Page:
RLU do not have any physical meaning and are often not comparable between different instruments. This is due to the way light is measured in a: briefly, luminometers use a photomultiplier tube (PMT); photons striking a photocathode at the entrance window of a PMT produce electrons, which are then accelerated by a high-voltage field and multiplied in number within a chain of dynodes by the process of secondary emission, and finally reach the anode connected to an output processing circuit. Then, this is translated to an output signal, that can be a pulse (if the PMT works in photon counting mode) or an analog current if the PMT works in analog mode (also known as current mode).
The output is affected by the PMT mode, the voltage applied, the efficiency of the PMT and other parameters, that make it really difficult to relate the output to any physical magnitude depending on the quantity of light emitted by the sample. As a consequence, some instruments can give values between 0 and 10 million, others between 0.0001 and 100, others something completely different. Hence, light units are kept relative to other measurements taken in the same instrument.
While the use of relative units can be a problem in some areas, it is absolutely fine in most life science applications since they are mostly related to a control and they handle all results related to that value (e.g. the values in condition B can be 50% of the control value, while the values in condition C are 12 times higher than those of the control).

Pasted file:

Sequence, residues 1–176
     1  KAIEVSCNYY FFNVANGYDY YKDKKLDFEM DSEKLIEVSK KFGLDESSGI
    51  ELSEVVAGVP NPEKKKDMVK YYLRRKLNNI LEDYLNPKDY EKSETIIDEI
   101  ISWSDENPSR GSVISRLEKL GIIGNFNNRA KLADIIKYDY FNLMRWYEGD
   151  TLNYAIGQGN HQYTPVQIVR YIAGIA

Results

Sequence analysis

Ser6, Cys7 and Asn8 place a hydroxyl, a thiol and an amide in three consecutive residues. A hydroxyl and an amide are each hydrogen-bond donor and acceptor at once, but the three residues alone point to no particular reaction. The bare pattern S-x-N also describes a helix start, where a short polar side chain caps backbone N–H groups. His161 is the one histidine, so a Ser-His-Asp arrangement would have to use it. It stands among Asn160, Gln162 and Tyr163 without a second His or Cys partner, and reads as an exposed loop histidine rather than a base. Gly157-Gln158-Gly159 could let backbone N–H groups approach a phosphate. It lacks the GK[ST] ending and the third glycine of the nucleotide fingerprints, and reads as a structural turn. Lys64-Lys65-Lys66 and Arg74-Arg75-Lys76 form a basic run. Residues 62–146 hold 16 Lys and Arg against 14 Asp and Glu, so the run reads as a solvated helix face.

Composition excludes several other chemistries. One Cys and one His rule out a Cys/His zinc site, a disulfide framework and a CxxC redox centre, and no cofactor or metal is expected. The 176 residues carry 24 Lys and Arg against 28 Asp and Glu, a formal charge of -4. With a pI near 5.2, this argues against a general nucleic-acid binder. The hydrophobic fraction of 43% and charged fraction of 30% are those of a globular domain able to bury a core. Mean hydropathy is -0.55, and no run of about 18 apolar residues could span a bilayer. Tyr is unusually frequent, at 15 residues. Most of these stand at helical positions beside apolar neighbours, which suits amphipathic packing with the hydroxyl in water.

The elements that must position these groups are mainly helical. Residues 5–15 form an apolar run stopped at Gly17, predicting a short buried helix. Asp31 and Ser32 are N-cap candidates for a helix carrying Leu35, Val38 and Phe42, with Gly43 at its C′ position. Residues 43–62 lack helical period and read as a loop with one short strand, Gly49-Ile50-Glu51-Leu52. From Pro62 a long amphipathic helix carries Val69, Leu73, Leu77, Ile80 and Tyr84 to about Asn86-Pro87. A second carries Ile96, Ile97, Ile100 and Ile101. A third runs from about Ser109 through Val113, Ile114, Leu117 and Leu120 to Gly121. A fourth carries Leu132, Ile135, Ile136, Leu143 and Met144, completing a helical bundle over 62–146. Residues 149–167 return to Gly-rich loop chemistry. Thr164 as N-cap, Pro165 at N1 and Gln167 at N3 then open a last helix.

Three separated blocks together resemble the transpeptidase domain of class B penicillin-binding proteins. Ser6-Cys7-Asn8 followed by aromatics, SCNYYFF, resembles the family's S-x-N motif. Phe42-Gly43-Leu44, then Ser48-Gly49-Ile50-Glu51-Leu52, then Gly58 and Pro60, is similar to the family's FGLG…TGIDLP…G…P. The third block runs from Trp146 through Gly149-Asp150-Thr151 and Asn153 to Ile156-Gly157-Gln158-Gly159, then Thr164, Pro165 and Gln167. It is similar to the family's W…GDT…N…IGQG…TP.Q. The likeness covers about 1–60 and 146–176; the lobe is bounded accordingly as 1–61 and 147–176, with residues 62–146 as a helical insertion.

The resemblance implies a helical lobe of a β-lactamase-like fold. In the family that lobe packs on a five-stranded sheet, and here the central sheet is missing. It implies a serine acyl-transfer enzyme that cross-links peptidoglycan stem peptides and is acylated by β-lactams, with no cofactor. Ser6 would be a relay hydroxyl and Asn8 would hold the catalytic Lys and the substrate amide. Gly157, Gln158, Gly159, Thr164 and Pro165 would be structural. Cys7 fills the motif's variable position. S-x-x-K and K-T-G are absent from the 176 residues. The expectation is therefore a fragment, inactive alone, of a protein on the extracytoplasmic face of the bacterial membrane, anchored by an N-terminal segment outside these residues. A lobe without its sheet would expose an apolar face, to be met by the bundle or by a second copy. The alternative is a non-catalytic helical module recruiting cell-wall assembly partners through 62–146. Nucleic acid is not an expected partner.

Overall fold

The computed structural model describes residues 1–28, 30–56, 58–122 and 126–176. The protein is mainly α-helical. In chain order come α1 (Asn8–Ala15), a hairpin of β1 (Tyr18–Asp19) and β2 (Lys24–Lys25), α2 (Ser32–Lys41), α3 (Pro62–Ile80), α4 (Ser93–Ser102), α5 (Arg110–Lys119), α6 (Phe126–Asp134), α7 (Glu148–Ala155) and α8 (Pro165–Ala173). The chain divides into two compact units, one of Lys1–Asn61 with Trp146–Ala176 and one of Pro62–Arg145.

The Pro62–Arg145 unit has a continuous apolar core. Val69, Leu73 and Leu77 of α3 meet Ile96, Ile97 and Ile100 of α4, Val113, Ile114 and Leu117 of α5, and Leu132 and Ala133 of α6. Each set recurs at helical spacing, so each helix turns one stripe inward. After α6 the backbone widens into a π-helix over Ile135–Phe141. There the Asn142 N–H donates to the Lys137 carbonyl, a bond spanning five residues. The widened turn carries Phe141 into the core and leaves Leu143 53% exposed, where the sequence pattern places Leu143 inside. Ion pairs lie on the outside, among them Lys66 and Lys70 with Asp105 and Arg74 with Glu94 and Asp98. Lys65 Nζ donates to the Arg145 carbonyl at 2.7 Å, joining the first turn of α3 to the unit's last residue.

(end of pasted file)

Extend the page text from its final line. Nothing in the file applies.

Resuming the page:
It is possible to measure a sample of a known intensity in two different instruments and to use the value as a reference to compare measurements in both instruments. This is easy and quite reliable if the instruments are similar (for example, same manufacturer and same type of PMT), but caution has to be exercised comparing instruments which are very different (for example, with PMT working in different modes, with different dynamic ranges, and so on). It is not recommended to use biological or chemical samples as reference, as there is an important degree of variability, and sometimes it is not possible to get the same measurement from the same sample (for example, in flash reactions the sample could be measured only once, and in glow reactions there could be a noticeable decay in luminescence between the first and the second measurements).
Instead, electronic light sources (for example, LEDs) which are periodically calibrated are recommended. Examples of such sources are ourand , and they are often used to verify the performance of and tube luminometers, respectively.
Ourand provide RLU values that are very similar and comparable with each other. We use PMTs that work in photon counting mode and implement an internal RLU factor to calibrate our instruments to stable light sources of known intensity.
Many instruments express the measured values as RLU, while others take the measurement time into account and use RLU/s instead. At Berthold Technologies we use RLU/s by default, as this makes values comparable independently of the measurement time. In addition, it is really easy to convert RLU/s to RLU: just multiply by the measurement time.